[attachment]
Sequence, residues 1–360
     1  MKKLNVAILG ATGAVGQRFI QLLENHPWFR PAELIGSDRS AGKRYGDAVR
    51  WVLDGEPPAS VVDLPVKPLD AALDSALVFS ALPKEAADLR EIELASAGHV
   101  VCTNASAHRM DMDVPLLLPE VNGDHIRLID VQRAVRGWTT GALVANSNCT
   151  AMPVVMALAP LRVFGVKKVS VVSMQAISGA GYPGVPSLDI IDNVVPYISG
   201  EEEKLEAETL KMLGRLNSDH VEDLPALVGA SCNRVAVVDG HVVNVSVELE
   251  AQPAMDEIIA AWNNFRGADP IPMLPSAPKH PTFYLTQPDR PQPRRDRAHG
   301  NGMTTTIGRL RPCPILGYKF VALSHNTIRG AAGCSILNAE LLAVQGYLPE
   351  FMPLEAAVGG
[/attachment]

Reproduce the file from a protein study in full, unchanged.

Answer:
Sequence, residues 1–360
     1  MKKLNVAILG ATGAVGQRFI QLLENHPWFR PAELIGSDRS AGKRYGDAVR
    51  WVLDGEPPAS VVDLPVKPLD AALDSALVFS ALPKEAADLR EIELASAGHV
   101  VCTNASAHRM DMDVPLLLPE VNGDHIRLID VQRAVRGWTT GALVANSNCT
   151  AMPVVMALAP LRVFGVKKVS VVSMQAISGA GYPGVPSLDI IDNVVPYISG
   201  EEEKLEAETL KMLGRLNSDH VEDLPALVGA SCNRVAVVDG HVVNVSVELE
   251  AQPAMDEIIA AWNNFRGADP IPMLPSAPKH PTFYLTQPDR PQPRRDRAHG
   301  NGMTTTIGRL RPCPILGYKF VALSHNTIRG AAGCSILNAE LLAVQGYLPE
   351  FMPLEAAVGG